I can easily imagine that Angel—who’s, in fact, the artistic type—would have wanted an opportunity to turn those six executions into gruesome and memorable visual tableaux, as a warning to future criminal masterminds intent on helping themselves to his earnings. He’ll have to hire someone else for that.
“You’ll take the job if I tell you to. Name your price.” Angel knows he’s wasting his time, but he never backs down from what he perceives to be a challenge.
Arms crossed, I study the muddy edge of the shovel as it bites into the damp, fragrant soil. Night has fallen. Angel’s men are now working under the headlights. “I’m actually considering retirement.”
That prompts Angel to lower his aviators and turn to better stare at me—a rare display of emotion for the man. Tucked in the open collar of his shirt, his gold cross pendant catches the glare of the headlights. “Have you received a sign?”
From God—or rather, Jesus. Despite his morally ambivalent career choices, Angel has always been and remains a devout catholic. As such, he firmly believes that any man willing to stop and listen may hear the Lord’s call and heed it.
“I don’t believe so,” I reply. “I’ve simply been . . . thinking.”
“Doubting,” Angel corrects. He can be irritatingly insightful at times.
A long sigh, a slow nod. Angel Somoza is about to provide me with spiritual guidance. “He has a plan, a place for all of us. And if at times you feel you’ve lost your way, remember that this world needs monsters, too. Men like you, like me: we serve a purpose. We cleanse this world’s filth. We’re His instruments.” He places a solemn hand on my shoulder—an unexpectedly familiar gesture coming from a man who generally glares everyone at bay.
I consider his hand on my shoulder. “I’ll remember it.”
“You do that. I’ll call you.”
Angel’s employee is done. He flattens the earth over the newly-dug grave with the back of the shovel while his boss climbs in the back of the Rezvani. A concert of slamming doors and roaring engines follows, before I find myself facing the six graves alone in the dark.
My purpose . . . What, exactly, will be my purpose in this life if I’m no longer ‘cleansing’ the underworld, as Angel puts it? A low buzz rises from the inside of my jacket and cuts through my pondering. I take out my phone and glance at the nameless caller on the screen, whose profile picture is a lovely ostrich I personally selected.
“Good evening Phyllis.”
As usual, the low-pitched velvet of her voice bears a seductive quality some might misinterpret—yet, our relationship is strictly professional. Phyllis used to be the personal assistant of a casino owner in Macau until I shot him. Finding herself unemployed, Phyllis accepted my offer to work for me instead. I conducted her job interview while dissolving her former employer in acid, which says all one needs to know about her level of professionalism and sang-froid. “I gather you’re done?” she inquires.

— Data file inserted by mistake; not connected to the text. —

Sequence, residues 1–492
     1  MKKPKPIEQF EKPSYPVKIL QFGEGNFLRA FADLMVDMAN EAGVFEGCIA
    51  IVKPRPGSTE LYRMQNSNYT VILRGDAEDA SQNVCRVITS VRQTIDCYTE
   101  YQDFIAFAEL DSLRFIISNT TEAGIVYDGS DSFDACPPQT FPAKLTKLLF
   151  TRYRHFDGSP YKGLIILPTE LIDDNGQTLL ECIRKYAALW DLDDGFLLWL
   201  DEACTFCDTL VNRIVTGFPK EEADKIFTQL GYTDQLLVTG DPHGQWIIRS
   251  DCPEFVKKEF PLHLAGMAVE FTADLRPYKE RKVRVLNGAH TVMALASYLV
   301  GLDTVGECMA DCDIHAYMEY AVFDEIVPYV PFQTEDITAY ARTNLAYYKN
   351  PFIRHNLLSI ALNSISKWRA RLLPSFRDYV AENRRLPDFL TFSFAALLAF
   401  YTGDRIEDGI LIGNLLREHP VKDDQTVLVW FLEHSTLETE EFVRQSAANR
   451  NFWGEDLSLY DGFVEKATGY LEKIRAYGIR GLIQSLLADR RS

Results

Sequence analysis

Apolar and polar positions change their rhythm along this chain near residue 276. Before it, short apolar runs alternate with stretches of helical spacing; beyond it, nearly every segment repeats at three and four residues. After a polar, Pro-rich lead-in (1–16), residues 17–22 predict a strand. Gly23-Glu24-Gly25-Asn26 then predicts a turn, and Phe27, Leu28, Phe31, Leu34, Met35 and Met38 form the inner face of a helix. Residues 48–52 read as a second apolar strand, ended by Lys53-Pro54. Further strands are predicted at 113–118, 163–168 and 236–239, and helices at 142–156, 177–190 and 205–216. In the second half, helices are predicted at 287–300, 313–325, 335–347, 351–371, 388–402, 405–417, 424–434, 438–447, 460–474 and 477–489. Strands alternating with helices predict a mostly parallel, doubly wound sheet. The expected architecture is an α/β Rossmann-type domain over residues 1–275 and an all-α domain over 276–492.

“I am. Did you have any time to work on that side-project of mine?”
“That’s why I’m calling. Good or bad news first?”
Stifling a sigh, I jump behind the wheel of the Jeep that drove me here. I need a full night’s sleep, but that’ll have to wait until I land in New York. “Let’s hear the good news.”
“111 Central Park West is a wrap. I got a call back from the agent. The fourteenth and fifteenth floors are yours.”
“Excellent. And the bad news?”
“You might want to take a look at the file I just sent you. Call me back when you’re done.”
The file in question is a quick read. Twenty-eight-year-old American male, posing as an international health insurance contract coordinator—a cover for the CIA’s infamous Directorate of Foreign Operations. No notable achievements. No living relatives. It’s not until I scroll down to the picture Phyllis attached to the file that my knuckles start to itch. Then it’s my nape, my chest, and before I know it, my jaw is clenched so tight that I can hear my teeth grinding together. I need to either take a shower or shoot someone, now.
Because it’s her in that picture, standing in front of her building, and kissing him.
I fish inside my jacket for the tube of mints that never leaves me and pop half-a-dozen in my mouth. The satisfying crunch of sugar between my molars and the icy explosion in my sinuses seem to instantly clear my mind.
That’s it. I know exactly what I’m going to do after I retire.